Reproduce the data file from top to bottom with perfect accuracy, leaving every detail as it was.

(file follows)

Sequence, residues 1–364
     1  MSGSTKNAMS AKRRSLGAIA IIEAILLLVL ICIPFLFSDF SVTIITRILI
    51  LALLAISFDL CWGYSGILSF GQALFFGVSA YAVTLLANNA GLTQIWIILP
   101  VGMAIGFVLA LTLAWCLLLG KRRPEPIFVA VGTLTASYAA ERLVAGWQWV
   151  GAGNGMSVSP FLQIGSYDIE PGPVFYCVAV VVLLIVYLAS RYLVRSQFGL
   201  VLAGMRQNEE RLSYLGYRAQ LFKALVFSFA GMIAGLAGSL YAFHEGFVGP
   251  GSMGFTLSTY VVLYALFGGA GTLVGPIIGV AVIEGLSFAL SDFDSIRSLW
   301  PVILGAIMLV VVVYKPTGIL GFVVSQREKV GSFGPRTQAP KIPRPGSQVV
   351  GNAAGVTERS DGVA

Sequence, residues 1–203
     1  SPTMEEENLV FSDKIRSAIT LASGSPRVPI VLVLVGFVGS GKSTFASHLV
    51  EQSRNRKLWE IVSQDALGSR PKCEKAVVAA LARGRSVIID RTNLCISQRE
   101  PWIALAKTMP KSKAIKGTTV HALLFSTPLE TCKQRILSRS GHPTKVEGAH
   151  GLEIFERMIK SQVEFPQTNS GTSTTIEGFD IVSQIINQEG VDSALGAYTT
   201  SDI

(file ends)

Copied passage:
Sequence, residues 1–364
     1  MSGSTKNAMS AKRRSLGAIA IIEAILLLVL ICIPFLFSDF SVTIITRILI
    51  LALLAISFDL CWGYSGILSF GQALFFGVSA YAVTLLANNA GLTQIWIILP
   101  VGMAIGFVLA LTLAWCLLLG KRRPEPIFVA VGTLTASYAA ERLVAGWQWV
   151  GAGNGMSVSP FLQIGSYDIE PGPVFYCVAV VVLLIVYLAS RYLVRSQFGL
   201  VLAGMRQNEE RLSYLGYRAQ LFKALVFSFA GMIAGLAGSL YAFHEGFVGP
   251  GSMGFTLSTY VVLYALFGGA GTLVGPIIGV AVIEGLSFAL SDFDSIRSLW
   301  PVILGAIMLV VVVYKPTGIL GFVVSQREKV GSFGPRTQAP KIPRPGSQVV
   351  GNAAGVTERS DGVA

Sequence, residues 1–203
     1  SPTMEEENLV FSDKIRSAIT LASGSPRVPI VLVLVGFVGS GKSTFASHLV
    51  EQSRNRKLWE IVSQDALGSR PKCEKAVVAA LARGRSVIID RTNLCISQRE
   101  PWIALAKTMP KSKAIKGTTV HALLFSTPLE TCKQRILSRS GHPTKVEGAH
   151  GLEIFERMIK SQVEFPQTNS GTSTTIEGFD IVSQIINQEG VDSALGAYTT
   201  SDI